Craig Biddle: I am speaking with C. Bradley Thompson, professor of political science at Clemson University and the executive director of the Clemson Institute for the Study of Capitalism (CISC). Dr. Thompson received his Ph.D. at Brown University and has been a visiting scholar at Princeton and Harvard as well as the University of London. He is the author of John Adams and the Spirit of Liberty, and coauthor (with Yaron Brook) ofNeoconservatism: An Obituary for an Idea. His most recent TOS article is “Liberal Education and the Quest for Truth, Freedom, and Greatness,” in the Fall 2016 issue.

Thanks for joining me, Brad.

Bradley Thompson:My pleasure, Craig. I appreciate the opportunity to speak with you and your readers at The Objective Standardabout our work at the Clemson Institute for the Study of Capitalism.

Biddle: Given the worsening political environment in America—as evidenced by our alternatives in the impending presidential election—advocates of free minds and free markets are as alert as ever to the urgency of educating Americans about the nature and value of capitalism. We need to make capitalism a known ideal. The Clemson Institute is one of the few organizations dedicated to this cause. So I’d like to give our readers an overview of the Institute and its programs.

What is the CISC? How did it come to be? And what is its mission?

Thompson: The Clemson Institute for the Study of Capitalism was founded in 2005 with a generous start-up grant from BB&T, under the direction of its then chairman and CEO, John Allison.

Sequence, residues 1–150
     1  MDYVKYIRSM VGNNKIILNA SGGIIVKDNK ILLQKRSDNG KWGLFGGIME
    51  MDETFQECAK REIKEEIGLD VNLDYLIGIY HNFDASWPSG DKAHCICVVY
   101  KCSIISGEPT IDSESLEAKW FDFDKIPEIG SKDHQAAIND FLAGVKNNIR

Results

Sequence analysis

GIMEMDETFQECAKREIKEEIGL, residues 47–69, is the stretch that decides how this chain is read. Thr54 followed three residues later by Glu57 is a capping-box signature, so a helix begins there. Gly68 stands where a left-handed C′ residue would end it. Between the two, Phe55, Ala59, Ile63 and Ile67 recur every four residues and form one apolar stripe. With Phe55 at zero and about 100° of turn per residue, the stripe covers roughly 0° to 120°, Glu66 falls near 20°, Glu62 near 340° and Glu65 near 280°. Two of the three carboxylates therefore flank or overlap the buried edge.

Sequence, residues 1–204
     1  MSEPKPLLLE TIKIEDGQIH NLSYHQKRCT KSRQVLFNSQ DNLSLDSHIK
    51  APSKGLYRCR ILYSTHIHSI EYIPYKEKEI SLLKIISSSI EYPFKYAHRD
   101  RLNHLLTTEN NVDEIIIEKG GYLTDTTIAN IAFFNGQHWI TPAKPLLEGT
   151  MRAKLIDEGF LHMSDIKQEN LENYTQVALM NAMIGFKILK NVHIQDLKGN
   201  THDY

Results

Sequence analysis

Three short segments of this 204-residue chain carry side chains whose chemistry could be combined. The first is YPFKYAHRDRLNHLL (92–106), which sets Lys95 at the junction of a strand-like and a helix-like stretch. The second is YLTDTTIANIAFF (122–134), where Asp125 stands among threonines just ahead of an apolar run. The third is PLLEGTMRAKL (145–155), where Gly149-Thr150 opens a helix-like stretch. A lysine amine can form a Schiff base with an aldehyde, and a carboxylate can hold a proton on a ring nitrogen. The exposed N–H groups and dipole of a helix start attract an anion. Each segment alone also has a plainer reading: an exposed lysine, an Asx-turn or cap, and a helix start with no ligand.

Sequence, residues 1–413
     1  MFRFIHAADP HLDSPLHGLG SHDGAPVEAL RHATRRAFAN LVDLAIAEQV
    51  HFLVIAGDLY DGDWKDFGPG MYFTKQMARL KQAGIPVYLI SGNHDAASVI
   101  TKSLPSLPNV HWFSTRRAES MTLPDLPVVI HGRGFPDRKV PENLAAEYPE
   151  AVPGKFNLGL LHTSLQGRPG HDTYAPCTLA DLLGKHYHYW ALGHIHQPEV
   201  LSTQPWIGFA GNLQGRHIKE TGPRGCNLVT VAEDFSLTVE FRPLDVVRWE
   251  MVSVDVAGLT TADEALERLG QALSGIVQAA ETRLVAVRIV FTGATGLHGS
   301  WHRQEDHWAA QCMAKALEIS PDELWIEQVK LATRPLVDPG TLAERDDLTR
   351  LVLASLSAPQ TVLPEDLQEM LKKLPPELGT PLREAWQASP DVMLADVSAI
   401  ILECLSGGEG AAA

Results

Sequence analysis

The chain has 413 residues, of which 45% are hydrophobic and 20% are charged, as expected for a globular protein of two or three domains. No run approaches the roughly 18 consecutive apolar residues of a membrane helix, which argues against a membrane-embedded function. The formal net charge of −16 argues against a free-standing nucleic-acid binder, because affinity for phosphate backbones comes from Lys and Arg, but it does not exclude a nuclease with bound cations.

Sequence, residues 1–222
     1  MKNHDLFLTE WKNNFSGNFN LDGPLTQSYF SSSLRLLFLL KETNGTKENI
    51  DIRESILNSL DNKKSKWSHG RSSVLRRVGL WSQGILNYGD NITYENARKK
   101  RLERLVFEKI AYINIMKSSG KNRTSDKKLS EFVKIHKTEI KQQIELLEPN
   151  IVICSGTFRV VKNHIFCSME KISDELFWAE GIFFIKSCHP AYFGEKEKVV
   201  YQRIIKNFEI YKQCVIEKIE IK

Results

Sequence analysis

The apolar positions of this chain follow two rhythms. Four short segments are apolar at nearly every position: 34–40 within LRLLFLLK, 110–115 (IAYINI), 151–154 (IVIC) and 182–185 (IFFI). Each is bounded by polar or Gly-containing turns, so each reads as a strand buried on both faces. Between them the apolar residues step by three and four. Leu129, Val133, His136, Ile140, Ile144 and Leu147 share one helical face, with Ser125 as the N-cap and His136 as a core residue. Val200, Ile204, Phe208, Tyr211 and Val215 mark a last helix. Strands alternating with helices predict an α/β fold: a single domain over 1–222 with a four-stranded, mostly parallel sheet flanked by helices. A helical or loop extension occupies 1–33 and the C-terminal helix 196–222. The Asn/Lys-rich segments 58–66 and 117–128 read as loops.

At the time, I was a visiting scholar at Princeton University and was offered the position to serve as the Clemson Institute’s first executive director. I was impressed with the vision for the program as presented by John Allison and the people at Clemson. There were, however, two potential risks for me in taking the job. The first was that the job did not come with tenure, or even with the promise of tenure. (At the time, I was a tenured, full professor at Ashland University in Ohio.) The second risk was that the “Clemson Institute” did not yet exist; it was simply a budget line at Clemson and had no official status on campus. There was no guarantee the university would approve its creation. Still, given the potential I saw, it was an easy decision for me. And I’m pleased to say it was the best professional decision of my career.

My first job when I arrived at Clemson was to usher what was then called the “Clemson Capitalism Initiative” through the approval process to become an officially recognized institute. I spent my first few months at Clemson introducing myself to faculty and administrators and explaining to them what we were hoping to create with our program.

I made three things clear to everyone I spoke to: first, our program would adhere to the highest academic standards possible; second, we would create a marketplace of ideas free of indoctrination and dogmatism, where the best ideas and the truth would be allowed to win in the battle of ideas; and third, we would not be “ghettoized” or shunted to a dark corner of the university. I insisted that our program be fully integrated into the intellectual life of the campus. . . .

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